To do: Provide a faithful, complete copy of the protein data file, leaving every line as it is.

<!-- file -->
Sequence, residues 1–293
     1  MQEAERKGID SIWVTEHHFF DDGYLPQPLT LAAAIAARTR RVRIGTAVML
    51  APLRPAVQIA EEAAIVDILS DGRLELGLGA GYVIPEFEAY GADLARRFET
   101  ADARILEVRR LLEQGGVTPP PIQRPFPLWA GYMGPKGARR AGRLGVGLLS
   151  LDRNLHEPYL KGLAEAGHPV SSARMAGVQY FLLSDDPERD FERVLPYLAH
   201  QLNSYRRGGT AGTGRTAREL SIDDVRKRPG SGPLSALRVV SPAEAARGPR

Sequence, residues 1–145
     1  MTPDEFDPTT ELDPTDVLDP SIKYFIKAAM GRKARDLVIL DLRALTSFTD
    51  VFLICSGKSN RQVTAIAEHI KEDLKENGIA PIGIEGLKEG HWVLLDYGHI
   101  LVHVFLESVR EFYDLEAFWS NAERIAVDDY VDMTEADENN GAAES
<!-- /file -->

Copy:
Sequence, residues 1–293
     1  MQEAERKGID SIWVTEHHFF DDGYLPQPLT LAAAIAARTR RVRIGTAVML
    51  APLRPAVQIA EEAAIVDILS DGRLELGLGA GYVIPEFEAY GADLARRFET
   101  ADARILEVRR LLEQGGVTPP PIQRPFPLWA GYMGPKGARR AGRLGVGLLS
   151  LDRNLHEPYL KGLAEAGHPV SSARMAGVQY FLLSDDPERD FERVLPYLAH
   201  QLNSYRRGGT AGTGRTAREL SIDDVRKRPG SGPLSALRVV SPAEAARGPR

Sequence, residues 1–145
     1  MTPDEFDPTT ELDPTDVLDP SIKYFIKAAM GRKARDLVIL DLRALTSFTD
    51  VFLICSGKSN RQVTAIAEHI KEDLKENGIA PIGIEGLKEG HWVLLDYGHI
   101  LVHVFLESVR EFYDLEAFWS NAERIAVDDY VDMTEADENN GAAES